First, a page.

1. Program.java

2. ResistorDecoder.java

3. LookupTable.java

4. NumberLookup.java

5. Multiplier.java

6. ToleranceLookup.java

Open up each class file and create the class structure. Add the standard header to the file. The template for this header is available at: https://drive.google.com/open?id=1XLCgOqdXc9p7syhL0-VGlCc-q12actG-

**You’ll have to add the proper Javadoc documentation** as well as the proper code to solve the problem. You will have to add instance variables, constants, method stubs, and code to get this class defined properly. Read the comments (and the problem) to understand what the problem is and how you will solve it.

You will need to add test code to **Program.java** to test your source code.

Once you’ve written your code run the code by right clicking on **Program.java** in the file explorer and selecting **Run** from the context menu or using the debug tool from the **Activity Bar**. Examine the output. Does it do what you want? If not, how can you modify the code to do what you want?

Testing Your Code

Your **Program.java** should contain code to test your `ReistorDecoder.java` object. Here is a sample of the test code:

“`Java

ResistorDecoder r = new ResistorDecoder();

String[] resistor0 = { “Black”, “Brown”, “Black”, “Gold” };

System.out.println(“Expected output: 1Ω, ±5% Actual output: ” + r.decodeResistor(resistor0));

“`

The output for the code above is:

“`

Expected output: 1Ω, ±5% Actual output: 1Ω, ±5%

Hint: If you are having trouble getting the unit tests to pass due to bizarre characters in place of the ohms and +/-, it is because the text encoding of the IDE is set to the wrong encododing instead of utf-8. To fix this, change it by opening settings ([Ctrl] + [,]). Then find the “files.encoding” setting and change it to utf8

“`

Below is a table which gives you some sample colors and the expected output. Pay particular attention to the format of the output string. Yours will have to match exactly.

| Colors | Output | | | |

| —— | —— | —— | —— | ———— |

| Yellow | Violet | Red | Violet | 4.7KΩ, ±0.1% |

| Brown | Black | Violet | Brown | 100MΩ, ±1% |

Be sure to test the different values **before** running my unit test.

Once you’ve written your code run the code by single clicking on ***\*Program\**.java** in the package explorer and selecting **Run->Run** from the menu or using the keyboard shortcut. Examine the output. Does it do what you want? If not, how can you modify the code to do what you want?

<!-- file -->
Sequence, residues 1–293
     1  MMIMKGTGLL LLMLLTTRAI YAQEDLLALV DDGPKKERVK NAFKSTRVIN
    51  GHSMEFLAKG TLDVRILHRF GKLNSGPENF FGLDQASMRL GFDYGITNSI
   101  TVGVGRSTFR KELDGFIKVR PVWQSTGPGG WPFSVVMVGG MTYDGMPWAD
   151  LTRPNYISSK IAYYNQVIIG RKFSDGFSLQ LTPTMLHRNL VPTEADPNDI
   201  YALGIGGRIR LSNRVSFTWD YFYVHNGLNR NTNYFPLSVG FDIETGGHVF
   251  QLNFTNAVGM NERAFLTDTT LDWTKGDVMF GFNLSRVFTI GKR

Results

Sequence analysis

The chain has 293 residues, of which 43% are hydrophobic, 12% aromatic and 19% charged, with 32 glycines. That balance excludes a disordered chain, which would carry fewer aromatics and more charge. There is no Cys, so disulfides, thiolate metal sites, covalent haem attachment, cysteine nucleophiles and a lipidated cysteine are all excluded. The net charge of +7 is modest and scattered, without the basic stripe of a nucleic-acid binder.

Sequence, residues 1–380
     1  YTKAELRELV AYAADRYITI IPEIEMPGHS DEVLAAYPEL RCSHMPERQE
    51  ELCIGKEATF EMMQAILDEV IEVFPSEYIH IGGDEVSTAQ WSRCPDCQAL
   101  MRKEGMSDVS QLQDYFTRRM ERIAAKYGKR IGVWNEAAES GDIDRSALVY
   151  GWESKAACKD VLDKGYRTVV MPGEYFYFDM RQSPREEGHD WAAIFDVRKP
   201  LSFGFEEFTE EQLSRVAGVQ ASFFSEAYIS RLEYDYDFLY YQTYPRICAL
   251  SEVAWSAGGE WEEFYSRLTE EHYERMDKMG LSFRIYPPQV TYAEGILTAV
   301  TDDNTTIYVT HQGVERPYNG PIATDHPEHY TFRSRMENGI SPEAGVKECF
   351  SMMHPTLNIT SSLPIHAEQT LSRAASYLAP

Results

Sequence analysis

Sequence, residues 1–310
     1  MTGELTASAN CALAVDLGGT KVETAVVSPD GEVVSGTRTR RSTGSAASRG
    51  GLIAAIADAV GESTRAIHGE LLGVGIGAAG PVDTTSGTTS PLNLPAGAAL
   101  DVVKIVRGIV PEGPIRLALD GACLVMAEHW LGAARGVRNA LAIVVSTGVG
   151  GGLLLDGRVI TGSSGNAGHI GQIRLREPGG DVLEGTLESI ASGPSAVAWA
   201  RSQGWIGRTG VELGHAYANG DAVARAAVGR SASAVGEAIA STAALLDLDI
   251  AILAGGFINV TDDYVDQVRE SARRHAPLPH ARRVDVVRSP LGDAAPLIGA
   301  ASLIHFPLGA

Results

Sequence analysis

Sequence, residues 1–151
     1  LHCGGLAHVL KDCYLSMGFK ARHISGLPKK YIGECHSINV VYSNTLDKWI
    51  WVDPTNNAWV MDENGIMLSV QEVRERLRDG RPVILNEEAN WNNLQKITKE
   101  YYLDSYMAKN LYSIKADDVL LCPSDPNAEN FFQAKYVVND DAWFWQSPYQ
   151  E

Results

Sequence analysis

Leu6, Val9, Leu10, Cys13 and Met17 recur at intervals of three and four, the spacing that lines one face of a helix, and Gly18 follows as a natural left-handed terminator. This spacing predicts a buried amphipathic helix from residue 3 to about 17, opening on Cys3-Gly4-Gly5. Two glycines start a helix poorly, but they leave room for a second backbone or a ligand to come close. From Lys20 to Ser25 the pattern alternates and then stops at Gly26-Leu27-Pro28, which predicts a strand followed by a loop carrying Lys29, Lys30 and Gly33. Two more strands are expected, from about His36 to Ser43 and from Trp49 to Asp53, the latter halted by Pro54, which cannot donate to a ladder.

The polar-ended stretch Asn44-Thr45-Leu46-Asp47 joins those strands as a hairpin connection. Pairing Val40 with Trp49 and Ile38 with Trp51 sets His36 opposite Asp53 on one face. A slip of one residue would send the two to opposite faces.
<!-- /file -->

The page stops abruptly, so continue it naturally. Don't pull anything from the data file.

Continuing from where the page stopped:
Running Unit Tests

Don’t forget to run unit tests. The unit test is called **TestResistorDecoder.java**

**YOUR UNIT TESTS MUST PASS BEFORE SUBMITTING THE FILE OR YOU GET NOTHING (Reference to the original Charlie and the Chocolate Factory).**

No UML Diagram for the Project

No UML diagram is required for this project as one has been provided for you.

Create a UML diagram for this class based upon the specifications including all classes and relationships

Submitting Your Assignment

Follow the standard instructions for submitting a Java assignment: [How to Submit Assignments](https://canvas.sbcc.edu/courses/25771/pages/how-to-submit-assignments-new?module_item_id=761292). Once you have submitted your assignment, it is a good idea to check the branches section of GitHub a few minutes later to see if your unit tests passed on the build server (green checkmark is good, red X is bad)

Image credit: “4-Band Resistor” by Jjbeard – [https://commons.wikimedia.org/wiki/File:4-Band_Resistor.svg (Links to an external site.)](https://commons.wikimedia.org/wiki/File:4-Band_Resistor.svg). Licensed under [Public Domain (Links to an external site.)](https://en.wikipedia.org/wiki/Public_domain) via [Wikimedia Commons (Links to an external site.)](http://commons.wikimedia.org/wiki/).